iStock.com/AndreyPopov iStock.com/AndreyPopov An e-cigarette (left) and conventional cigarettes

New users, same old risks

Electronic cigarettes cause the same chronic lung diseases as combustible cigarettes, according to the first long-term study on vaping released this week. The paper, published Monday in the American Journal of Preventive Medicine, studied 32,000 Americans with no initial signs of lung disease and found those who used e-cigarettes were 30 percent more likely to develop a chronic lung disease like asthma, bronchitis, or emphysema than those who did not vape or smoke traditional cigarettes.

The study was the first to tie e-cigarette use to lung disease on its own, independent of smoking conventional tobacco. Previous studies had found an association between the two, but the methodology made it impossible to know if the relationship was just a coincidence.

The latest research also found that although switching to e-cigarettes from conventional cigarettes did lower the risk of lung disease, fewer than 1 percent of e-cigarette users had completely switched, meaning most reported using both. Dual users get the combined risk of both types of cigarettes, more than tripling their likelihood of developing lung disease, according to the study.

The results do not include the recent epidemic of vaping-related lung injury tied to the chemical compound vitamin E acetate. Last week, the Centers for Disease Control and Prevention said the death toll from the outbreak had risen to 52, with 2,409 people hospitalized. More than half of those hospitalized were in their teens or early 20s. —K.C.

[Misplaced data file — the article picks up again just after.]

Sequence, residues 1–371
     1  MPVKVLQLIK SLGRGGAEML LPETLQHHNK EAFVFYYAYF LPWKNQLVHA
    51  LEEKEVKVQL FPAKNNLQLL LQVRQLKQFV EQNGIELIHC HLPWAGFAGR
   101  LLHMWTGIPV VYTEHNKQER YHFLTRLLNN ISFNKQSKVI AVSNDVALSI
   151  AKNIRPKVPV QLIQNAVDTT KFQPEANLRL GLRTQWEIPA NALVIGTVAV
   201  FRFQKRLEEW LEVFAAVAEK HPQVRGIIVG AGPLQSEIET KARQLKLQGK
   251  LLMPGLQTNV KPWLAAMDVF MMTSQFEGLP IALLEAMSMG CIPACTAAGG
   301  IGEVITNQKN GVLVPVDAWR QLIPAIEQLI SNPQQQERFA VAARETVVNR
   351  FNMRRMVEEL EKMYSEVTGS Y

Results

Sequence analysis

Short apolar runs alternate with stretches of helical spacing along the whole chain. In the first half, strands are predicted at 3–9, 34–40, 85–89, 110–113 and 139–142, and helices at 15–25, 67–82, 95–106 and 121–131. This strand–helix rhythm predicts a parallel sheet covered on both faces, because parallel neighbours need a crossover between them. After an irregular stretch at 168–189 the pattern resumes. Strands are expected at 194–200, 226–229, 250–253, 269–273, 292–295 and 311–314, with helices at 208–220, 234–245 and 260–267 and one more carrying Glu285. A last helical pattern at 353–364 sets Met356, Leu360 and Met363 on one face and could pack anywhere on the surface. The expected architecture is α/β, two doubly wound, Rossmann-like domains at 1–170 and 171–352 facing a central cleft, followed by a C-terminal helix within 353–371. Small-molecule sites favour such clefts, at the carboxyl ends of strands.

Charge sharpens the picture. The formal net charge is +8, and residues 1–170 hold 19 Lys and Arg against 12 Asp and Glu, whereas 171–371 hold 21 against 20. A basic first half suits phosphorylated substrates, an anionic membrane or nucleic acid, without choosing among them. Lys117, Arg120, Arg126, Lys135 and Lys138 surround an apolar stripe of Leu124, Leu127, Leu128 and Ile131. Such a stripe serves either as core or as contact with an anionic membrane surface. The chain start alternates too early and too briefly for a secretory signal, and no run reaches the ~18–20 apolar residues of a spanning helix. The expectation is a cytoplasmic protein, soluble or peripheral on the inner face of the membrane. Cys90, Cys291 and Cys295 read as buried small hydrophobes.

The ‘perfect’ match

Critics are pushing back on a proposed DNA-based dating app developed by Harvard molecular engineer George Church, calling it modern-day eugenics. Church’s app would collect DNA from users and screen out matches that could result in a child with a genetic disease. Opponents contend the app is akin to selective breeding, but Church instead argued it would simply allow users to avoid diseases that cause premature death, pain, and medical costs. —K.C.

Kiley Crossland

Kiley is a former WORLD correspondent.

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Comments

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  • Laura W
    Posted: Sat, 12/21/2019 10:09 am

    I actually don't have a problem with the dating app, as described. It could go in some scary directions if they ever let people look at more than disease-related genes, but as it stands it looks quite reasonable. One of the major reasons not to marry close relatives is the increased risk of both parties carrying the same recessive gene for disease. Couples sometimes use genetic testing to screen for this risk after the relationship has already developed substantially, so why not do the screening before they meet instead? (Of course, there's also all sorts of potential for sensitive health information to be at risk here, but that's a different problem.)